Voices in the Night
A faint sound rouses me from sleep, and I listen within the quiet house for its source. In the wee hours of the morning, the cats sleep on the sofa, curled up side-by-side. My husband, beside me, does not stir.
Like peeling off a sticky spiderweb, I pull myself out of sleep, trying to remember what I just heard. Perhaps I dreamed it, though with enough clarity to awaken me. Then, it sounds again.
Hoo, hoo, hoo.
Fully awake, I surmise the owl’s location: one of the giant pine trees behind our house, preserved from the original forest when our neighborhood was developed about a dozen years ago. Towering pines with massive drooping branches stand along a strip of land known as a conservation area.
Black-tailed deer make their way through these narrow woodland byways, from the top of the foothill to the marshy area far below. Our neighbors’ outside camera caught a black bear sniffing around their patio last June. And I’m told by other neighbors that there have been cougar sightings on the far reaches of the hiking trails on the ridge above us. Such is the wildlife in Oregon, where we have lived for nearly two years now.
But other than the deer, I have seen none of these wilder creatures. I content myself with the hummingbirds and the wrens at the feeder.
Then I hear the hooting again. And, in the middle of one night, the screech of an owl jolts me out of sleep.
According to nature websites, it’s common for birds to sing and chirp at night, often to look for mates. Or they might send out alarms, alerting both flock and forest of looming danger. Perhaps these night-singing birds are not all that different from us and our own midnight communications. Where are you? Are you nearby? It’s not safe out. Come home soon…
The nocturnal owl, I suspect, raises its voice for different reasons. They rule the nighttime from the treetops. Territorial, they put out the call: This is my turf. Stay away. The plaintive hooting, though, always sounds a little lovesick to me.
A few more web search clicks take me down the metaphysical path, to meanings surmised and derived over centuries—owls as omens and harbingers. Protection, warning, alertness, wisdom—all these meanings and more. Reading that list, I’d take any of them to move through this world more alert, more protected, and wiser for the experience.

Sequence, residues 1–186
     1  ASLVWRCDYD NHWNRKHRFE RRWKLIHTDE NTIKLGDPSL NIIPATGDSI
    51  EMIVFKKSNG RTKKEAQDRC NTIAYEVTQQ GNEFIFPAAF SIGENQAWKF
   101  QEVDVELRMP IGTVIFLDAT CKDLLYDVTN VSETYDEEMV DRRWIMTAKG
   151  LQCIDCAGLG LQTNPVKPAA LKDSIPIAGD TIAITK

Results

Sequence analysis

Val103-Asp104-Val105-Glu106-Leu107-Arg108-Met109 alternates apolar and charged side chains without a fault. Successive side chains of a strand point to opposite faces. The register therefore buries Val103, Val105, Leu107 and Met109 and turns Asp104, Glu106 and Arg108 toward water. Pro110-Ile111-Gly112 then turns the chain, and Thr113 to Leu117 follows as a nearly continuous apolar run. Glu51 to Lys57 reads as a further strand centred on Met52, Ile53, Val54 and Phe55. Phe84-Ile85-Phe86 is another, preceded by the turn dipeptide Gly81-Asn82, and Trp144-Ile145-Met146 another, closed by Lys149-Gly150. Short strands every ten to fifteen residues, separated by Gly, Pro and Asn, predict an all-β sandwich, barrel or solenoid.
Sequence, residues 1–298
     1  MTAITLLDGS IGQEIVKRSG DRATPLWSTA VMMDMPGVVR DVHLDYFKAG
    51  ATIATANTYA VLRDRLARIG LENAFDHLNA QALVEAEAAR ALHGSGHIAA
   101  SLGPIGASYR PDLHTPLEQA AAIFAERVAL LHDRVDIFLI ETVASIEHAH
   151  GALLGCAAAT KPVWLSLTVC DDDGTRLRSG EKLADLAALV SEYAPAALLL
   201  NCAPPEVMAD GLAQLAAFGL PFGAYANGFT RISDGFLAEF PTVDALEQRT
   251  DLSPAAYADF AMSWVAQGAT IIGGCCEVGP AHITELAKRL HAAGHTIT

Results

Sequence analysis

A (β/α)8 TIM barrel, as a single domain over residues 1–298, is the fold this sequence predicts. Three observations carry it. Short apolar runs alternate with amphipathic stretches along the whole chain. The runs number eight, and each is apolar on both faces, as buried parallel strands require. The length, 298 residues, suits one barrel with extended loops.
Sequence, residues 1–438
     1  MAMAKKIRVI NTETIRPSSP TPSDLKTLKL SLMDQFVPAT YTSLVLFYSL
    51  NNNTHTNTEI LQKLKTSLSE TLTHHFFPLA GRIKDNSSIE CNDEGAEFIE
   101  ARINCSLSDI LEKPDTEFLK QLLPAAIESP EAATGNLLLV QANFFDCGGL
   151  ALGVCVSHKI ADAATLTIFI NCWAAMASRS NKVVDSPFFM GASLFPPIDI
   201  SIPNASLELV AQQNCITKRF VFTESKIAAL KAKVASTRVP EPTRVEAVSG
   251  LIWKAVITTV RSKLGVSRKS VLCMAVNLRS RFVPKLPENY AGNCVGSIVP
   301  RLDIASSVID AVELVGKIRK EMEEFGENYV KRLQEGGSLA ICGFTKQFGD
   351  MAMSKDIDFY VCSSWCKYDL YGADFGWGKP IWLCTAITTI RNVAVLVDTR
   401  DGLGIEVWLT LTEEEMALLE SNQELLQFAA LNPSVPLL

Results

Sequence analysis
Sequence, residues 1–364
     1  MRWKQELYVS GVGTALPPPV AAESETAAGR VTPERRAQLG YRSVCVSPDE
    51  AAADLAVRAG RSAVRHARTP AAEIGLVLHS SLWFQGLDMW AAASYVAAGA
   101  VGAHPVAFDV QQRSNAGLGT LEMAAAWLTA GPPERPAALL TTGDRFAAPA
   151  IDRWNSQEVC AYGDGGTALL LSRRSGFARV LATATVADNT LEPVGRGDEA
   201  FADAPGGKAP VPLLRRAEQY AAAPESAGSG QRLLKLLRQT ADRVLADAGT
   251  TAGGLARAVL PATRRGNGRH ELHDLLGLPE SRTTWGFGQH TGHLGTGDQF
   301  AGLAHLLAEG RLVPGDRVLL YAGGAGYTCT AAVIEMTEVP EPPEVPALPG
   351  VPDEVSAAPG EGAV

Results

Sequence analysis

“You can call to them, you know,” my cousin Melanie tells me during our phone call.
A former forest ranger, she has a deep affinity for nature: the deer that venture out of the woods to stand in her backyard, the owls that answer when she imitates them.
“Try it,” she encourages me. But the next time I hear an owl in the middle of the night, I stay in my snug bed and just listen until it lulls me back to sleep.
And yet, the sound stirs something deep within me, like a connection that I’ve nearly forgotten. Then I remember that as a young girl I used to doodle owls constantly—mostly because they were easy to draw: oval body, round head, big eyes, and downward curving lines for folded wings.
A year or so ago, my sister, Jeannie, and brother-in-law, Ben, gave me a gorgeous piece of macrame wall art of an owl. “You always loved them,” Jeannie reminded me.
Perhaps that is the message meant for me when I hear owls hooting outside my window. Come back to what you loved as a child. Remember what you wanted to be.
Well, that one is easy. A writer, of course.
No matter how busy my daily life becomes—the responsibilities, worries and to-dos—I must keep nurturing the dream that rooted within me when I was seven years old. It’s in my DNA, as undeniable as my brown eyes and curly hair.
Very early on a December morning, while even the cats stay asleep, I sit down at my desk and begin writing. Through my office window, I hear a sound that stirs me out of the words on the screen. I listen, but the hum of the computer makes me doubt my senses.
Opening the front door just a crack, I hear the soft rustle of a breeze through the pine trees. Then, on that breath of wind an hour before dawn, I hear it distinctly: Who, who, who?
I answer this time in my own way: “Who? Why, it’s me of course.” And I go back to my writing.
Illustration: My first owl doodle in about 50 years …